There is nothing quite like the pressure put on a movie to accurately portray the life of a complicated yet beloved celebrity, especially one who is no longer with us. Bohemian Rhapsody did it flawlessly.
Portraying the true story of singer-songwriter Freddie Mercury and the rock band Queen, the movie begins in 1970 with the band’s formation and progresses through its history up to their famous performance at Wembley Stadium in 1985.
Every single detail of this movie was intricately woven together to produce a thought-provoking, emotional, and beautiful show. I am convinced that there was no object added in haphazardly and no word spoken merely to fill silence. Every sigh,
every expression, every color is strategically placed to create meaning.
The images alone are stunning. The director played with reflections and angles to create gorgeous shots worthy of awards. clearly defining a variety of tones through the positioning of characters and objects in certain scenes, presenting implications in a way that words are unable to.
Speaking of details, the resemblance between the movie’s main cast and their real-life equivalents is near eerie. All four of the band members look shockingly like the originals, especially Rami Malek, who played Freddie Mercury, considering Mercury’s unique features (to be fair, Malek did use false teeth).
Aside from appearance, the actors did an incredible job portraying their characters. In most movies, characters are fictional, and actors can put their own spin on things, but in this case, they needed to maintain accuracy to real life, which, to my knowledge of the band, they did an amazing job with. With actual band members Brian May and Roger Taylor on set, I have confidence that the audience has gotten an authentic glimpse into the true story of what is, in my opinion, one of the greatest bands of all time.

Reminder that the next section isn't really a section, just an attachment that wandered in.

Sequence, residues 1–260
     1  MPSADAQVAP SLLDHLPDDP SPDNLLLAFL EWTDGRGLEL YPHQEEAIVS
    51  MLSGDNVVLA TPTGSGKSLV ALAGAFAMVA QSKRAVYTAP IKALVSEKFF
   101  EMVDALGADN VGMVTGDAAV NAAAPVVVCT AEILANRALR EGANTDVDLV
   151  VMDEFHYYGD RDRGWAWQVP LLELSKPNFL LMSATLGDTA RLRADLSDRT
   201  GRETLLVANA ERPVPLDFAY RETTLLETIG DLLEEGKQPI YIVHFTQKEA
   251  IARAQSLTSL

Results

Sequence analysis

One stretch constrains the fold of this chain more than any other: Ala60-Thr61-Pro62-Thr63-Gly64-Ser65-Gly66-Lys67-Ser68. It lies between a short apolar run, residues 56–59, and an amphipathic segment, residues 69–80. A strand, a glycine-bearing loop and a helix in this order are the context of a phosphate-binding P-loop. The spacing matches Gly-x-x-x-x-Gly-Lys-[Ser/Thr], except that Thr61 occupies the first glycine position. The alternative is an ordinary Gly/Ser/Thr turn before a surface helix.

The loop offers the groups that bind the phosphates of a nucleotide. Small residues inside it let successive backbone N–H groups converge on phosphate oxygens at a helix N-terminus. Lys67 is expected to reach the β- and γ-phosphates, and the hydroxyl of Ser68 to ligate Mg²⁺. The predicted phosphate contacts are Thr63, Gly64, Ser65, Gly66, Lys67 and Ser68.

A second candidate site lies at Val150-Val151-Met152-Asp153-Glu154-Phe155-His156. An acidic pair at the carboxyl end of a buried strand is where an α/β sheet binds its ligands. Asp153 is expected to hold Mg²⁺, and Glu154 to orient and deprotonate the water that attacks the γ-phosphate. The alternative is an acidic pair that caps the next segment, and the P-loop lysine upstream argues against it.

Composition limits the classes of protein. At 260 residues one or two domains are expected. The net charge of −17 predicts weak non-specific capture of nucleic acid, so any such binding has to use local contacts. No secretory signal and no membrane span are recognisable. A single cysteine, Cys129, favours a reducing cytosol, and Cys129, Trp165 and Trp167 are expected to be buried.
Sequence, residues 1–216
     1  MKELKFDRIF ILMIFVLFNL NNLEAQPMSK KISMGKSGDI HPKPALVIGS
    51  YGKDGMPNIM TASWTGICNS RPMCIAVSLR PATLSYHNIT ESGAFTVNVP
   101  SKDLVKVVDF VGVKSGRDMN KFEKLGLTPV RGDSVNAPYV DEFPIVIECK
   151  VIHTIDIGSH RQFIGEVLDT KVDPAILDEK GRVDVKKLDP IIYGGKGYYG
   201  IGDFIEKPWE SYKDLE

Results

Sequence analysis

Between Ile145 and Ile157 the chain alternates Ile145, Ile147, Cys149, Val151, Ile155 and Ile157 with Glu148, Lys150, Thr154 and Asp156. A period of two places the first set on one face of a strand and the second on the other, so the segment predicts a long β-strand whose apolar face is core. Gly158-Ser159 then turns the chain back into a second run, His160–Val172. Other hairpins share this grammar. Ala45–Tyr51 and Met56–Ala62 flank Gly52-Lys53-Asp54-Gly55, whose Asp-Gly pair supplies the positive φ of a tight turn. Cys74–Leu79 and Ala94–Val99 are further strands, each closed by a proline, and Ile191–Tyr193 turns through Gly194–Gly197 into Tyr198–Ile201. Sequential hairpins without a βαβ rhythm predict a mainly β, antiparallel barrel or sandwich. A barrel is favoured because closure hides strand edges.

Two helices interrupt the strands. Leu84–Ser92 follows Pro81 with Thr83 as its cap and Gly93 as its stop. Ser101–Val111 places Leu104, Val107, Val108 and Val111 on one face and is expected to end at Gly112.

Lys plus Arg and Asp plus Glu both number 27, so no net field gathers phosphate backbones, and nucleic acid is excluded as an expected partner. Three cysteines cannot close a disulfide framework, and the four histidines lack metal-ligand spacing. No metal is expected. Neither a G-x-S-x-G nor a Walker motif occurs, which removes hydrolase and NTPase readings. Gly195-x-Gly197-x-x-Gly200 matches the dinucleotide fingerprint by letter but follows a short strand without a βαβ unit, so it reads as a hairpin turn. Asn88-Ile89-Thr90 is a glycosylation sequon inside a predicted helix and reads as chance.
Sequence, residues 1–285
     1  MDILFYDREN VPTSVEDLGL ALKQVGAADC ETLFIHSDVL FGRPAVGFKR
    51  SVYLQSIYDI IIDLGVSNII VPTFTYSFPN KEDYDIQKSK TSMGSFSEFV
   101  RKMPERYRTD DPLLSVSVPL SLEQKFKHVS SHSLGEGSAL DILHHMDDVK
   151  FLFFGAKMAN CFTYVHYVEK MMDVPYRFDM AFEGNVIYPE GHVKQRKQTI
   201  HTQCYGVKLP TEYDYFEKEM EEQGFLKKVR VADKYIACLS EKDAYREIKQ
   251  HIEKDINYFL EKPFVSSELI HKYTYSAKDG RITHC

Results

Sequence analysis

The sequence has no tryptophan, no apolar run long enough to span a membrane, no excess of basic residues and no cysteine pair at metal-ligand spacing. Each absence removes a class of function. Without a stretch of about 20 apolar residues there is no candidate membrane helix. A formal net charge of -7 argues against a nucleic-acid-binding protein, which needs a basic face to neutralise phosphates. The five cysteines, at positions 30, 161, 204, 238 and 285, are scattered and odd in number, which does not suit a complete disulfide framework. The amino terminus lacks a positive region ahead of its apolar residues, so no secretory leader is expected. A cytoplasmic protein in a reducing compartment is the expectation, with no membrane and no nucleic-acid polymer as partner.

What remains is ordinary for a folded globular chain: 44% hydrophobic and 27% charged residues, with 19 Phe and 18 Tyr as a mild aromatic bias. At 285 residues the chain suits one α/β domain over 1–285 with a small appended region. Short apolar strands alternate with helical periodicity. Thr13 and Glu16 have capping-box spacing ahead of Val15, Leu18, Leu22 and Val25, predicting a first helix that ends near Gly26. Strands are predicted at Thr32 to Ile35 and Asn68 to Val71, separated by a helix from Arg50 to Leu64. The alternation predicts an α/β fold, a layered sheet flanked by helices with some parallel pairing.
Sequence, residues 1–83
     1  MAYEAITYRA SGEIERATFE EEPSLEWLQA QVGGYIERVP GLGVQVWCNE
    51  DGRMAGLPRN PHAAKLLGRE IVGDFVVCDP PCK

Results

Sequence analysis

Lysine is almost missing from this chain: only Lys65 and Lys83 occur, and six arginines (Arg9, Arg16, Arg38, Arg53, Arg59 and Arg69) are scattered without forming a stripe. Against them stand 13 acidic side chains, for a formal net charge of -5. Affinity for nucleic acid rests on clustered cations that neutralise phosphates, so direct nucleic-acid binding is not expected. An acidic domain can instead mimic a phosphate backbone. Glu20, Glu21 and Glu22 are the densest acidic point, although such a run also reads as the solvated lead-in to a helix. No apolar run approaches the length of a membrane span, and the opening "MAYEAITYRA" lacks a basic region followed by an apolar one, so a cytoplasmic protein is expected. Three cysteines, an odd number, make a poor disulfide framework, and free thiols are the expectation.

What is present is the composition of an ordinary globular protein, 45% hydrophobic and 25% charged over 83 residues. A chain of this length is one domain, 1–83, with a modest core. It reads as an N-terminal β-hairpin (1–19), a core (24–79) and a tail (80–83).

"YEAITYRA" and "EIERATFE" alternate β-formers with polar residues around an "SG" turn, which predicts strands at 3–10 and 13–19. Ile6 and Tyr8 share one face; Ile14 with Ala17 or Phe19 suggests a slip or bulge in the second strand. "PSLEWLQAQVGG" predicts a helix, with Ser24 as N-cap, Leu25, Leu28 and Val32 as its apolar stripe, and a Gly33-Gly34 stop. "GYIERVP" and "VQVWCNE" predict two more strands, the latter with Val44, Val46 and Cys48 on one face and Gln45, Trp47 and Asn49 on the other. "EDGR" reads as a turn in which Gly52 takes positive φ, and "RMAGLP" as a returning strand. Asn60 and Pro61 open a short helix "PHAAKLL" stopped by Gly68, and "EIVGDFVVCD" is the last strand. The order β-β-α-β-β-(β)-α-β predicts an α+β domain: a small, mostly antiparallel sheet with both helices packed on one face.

Movies about true history can’t be completely accurate, however. Some events were placed out of order to accommodate an ideal concept of the plot, and some scenes were fibbed due to lack of knowledge of how they officially played out. It is impossible to flawlessly recreate real events, but Bohemian Rhapsody molds together truth and dramatic elements in a way that makes the viewer want to believe everything the movie tells them. Whether that’s good or bad may be up for debate.
In terms of real events, some are literally in the movie. Actual footage of Queen live performances is included in some scenes, giving a clear comparison that blurs the lines between reality and recreation in a startling way. Original music is also blended with new audio, providing a strong connection between the past and present that really immerses the viewer into the film.
The story itself is interesting, real or otherwise, and possesses all elements that a work of fiction may utilize to create an engaging film. The viewer is meant to become attached to the characters but also recognize their flaws. There is never a dull moment in the plot, nothing unnecessary, and nothing left out. And, of course, any good movie nowadays needs humor, which this one has no lack of. This is no boring documentary; it’s a memorable story that will leave you in awe. Its realism makes it meaningful and its dramaticism makes it entertaining.
Speaking as a long-time Queen super-fan, my expectations for Bohemian Rhapsody have been surpassed. As the end credits rolled, I was utterly speechless. All I wanted to do was go home, download every single Queen song ever, and write this review. I haven’t been this satisfied with a movie’s execution in a long time, and I encourage everyone to see it, whether for the learning experience, the music, or merely the story. It could not have been done better.